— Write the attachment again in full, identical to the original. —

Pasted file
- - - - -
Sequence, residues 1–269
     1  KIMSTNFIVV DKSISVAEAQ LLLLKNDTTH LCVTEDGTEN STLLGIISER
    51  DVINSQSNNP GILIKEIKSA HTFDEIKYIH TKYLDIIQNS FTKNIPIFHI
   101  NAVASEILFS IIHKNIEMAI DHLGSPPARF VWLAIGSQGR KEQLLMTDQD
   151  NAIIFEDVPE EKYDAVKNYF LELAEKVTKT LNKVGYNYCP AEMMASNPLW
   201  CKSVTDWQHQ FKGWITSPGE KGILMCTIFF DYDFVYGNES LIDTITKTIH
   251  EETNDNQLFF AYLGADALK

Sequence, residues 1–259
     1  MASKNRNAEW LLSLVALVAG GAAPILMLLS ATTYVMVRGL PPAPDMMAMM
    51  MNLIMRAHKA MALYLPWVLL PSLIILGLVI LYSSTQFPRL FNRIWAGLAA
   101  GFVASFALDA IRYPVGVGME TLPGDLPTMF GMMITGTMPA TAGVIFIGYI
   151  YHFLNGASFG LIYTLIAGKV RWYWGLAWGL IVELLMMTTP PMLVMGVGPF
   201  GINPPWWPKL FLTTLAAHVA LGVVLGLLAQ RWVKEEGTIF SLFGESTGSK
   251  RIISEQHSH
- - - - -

Sequence, residues 1–269
     1  KIMSTNFIVV DKSISVAEAQ LLLLKNDTTH LCVTEDGTEN STLLGIISER
    51  DVINSQSNNP GILIKEIKSA HTFDEIKYIH TKYLDIIQNS FTKNIPIFHI
   101  NAVASEILFS IIHKNIEMAI DHLGSPPARF VWLAIGSQGR KEQLLMTDQD
   151  NAIIFEDVPE EKYDAVKNYF LELAEKVTKT LNKVGYNYCP AEMMASNPLW
   201  CKSVTDWQHQ FKGWITSPGE KGILMCTIFF DYDFVYGNES LIDTITKTIH
   251  EETNDNQLFF AYLGADALK

Sequence, residues 1–259
     1  MASKNRNAEW LLSLVALVAG GAAPILMLLS ATTYVMVRGL PPAPDMMAMM
    51  MNLIMRAHKA MALYLPWVLL PSLIILGLVI LYSSTQFPRL FNRIWAGLAA
   101  GFVASFALDA IRYPVGVGME TLPGDLPTMF GMMITGTMPA TAGVIFIGYI
   151  YHFLNGASFG LIYTLIAGKV RWYWGLAWGL IVELLMMTTP PMLVMGVGPF
   201  GINPPWWPKL FLTTLAAHVA LGVVLGLLAQ RWVKEEGTIF SLFGESTGSK
   251  RIISEQHSH